2004 - 2006 Undergraduate Catalog
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Graduate Catalog

Molecular Biology (B.S.)


Professors: Lee A. Bulla, Rockford K. Draper, Steven R. Goodman, Donald M. Gray, Franklyn G. Jenifer, Lawrence J. Reitzer
Associate Professors: Gail A.M. Breen, John G. Burr, Jeff L. DeJong, Santosh R. D’Mello, Juan E. González, Ernest M. Hannig, Stephen D. Levene, Robert C. Marsh, Dennis L. Miller, Betty S. Pace
Assistant Professors: Matthew Junker
Professor Emeritus: Hans Bremer, Claud S. Rupert
Senior Lecturers: Vincent P. Cirillo, John Moltz, Scott A. Rippel, Ilya Sapozhnikov

The Biology Program at U.T. Dallas emphasizes the unifying molecular and cellular nature of organisms. At the center of the Biology undergraduate curriculum are the biochemical, genetic, and cell biology concepts and tools used to study the genes of prokaryotes and eukaryotes, to study the proteins and ribonucleic acids (RNA) encoded by these genes, and to study how the expression of these genes is regulated during the development and lifetimes of organisms. Molecular Biology represents a fusion of the four disciplines of biochemistry, biophysics, genetics, and cell biology. Modern biology requires a background in other disciplines such as chemistry, mathematics, physics, and computer sciences. Principles from these disciplines have to be merged to understand and apply new biotechnology and genetic engineering techniques. It is desirable for entering students to have a broad interest and background in the sciences.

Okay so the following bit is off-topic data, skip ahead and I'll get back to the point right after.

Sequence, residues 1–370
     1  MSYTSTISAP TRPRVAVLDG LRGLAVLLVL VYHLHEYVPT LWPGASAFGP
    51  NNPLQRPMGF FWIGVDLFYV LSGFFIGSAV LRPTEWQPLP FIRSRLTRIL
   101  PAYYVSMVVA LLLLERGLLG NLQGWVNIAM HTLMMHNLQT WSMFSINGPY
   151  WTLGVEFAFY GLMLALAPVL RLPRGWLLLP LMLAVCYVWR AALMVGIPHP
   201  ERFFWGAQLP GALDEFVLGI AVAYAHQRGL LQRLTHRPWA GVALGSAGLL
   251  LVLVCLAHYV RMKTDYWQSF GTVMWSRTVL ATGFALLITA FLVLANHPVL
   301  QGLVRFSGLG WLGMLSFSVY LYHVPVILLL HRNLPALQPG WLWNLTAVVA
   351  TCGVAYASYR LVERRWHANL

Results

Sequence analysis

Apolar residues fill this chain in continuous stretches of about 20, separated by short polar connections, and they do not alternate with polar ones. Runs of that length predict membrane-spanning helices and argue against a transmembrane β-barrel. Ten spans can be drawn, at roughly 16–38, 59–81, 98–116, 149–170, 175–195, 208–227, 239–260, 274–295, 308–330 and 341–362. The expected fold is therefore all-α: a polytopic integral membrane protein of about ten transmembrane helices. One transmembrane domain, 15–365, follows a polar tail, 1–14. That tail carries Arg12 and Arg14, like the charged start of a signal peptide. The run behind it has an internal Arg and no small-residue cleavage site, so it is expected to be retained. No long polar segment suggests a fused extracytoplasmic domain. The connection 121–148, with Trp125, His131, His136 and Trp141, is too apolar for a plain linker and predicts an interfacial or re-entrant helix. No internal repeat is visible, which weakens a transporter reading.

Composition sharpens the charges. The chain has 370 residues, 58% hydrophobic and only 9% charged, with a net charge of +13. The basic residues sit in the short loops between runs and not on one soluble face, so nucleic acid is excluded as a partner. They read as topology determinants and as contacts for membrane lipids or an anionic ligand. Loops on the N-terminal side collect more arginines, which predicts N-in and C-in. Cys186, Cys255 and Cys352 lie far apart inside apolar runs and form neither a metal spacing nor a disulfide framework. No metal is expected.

Both B.S. and B.A. degrees are offered in Biology at U.T. Dallas; a B.S. degree is offered in Molecular Biology. The B.S. degrees are intended as preparation for scientific careers in biology or careers in the health professions. The B.A. degree is intended as liberal arts biology major with less emphasis on calculus and more free hours for course work in other disciplines. Each degree in Biology offers a streamlined double major with Business Administration or Crime and Justice Studies. Five-year Fast Track B.S./M.S. Biology and Molecular Biology degree programs are available, and a 7-year accelerated B.S./D.O. degree program is offered together with the UNT Health Science Center at the Fort Worth College of Osteopathic Medicine (UNTHSC/TCOM); see page xx.

Minors are offered in Biology, Biomolecular Structure, Microbiology, Molecular and Cell Biology, and Neurobiology.

Transfer Students

Students transferring into Biology or Molecular Biology at the junior level in either the B.S. or the B.A. programs are expected to have completed courses equivalent to:

Junior-level transfer students deficient in these lower-division requirements may satisfy the requirements with courses taken at U.T. Dallas; however, students deficient in the biology and chemistry requirements may be delayed in entering upper-division biology courses.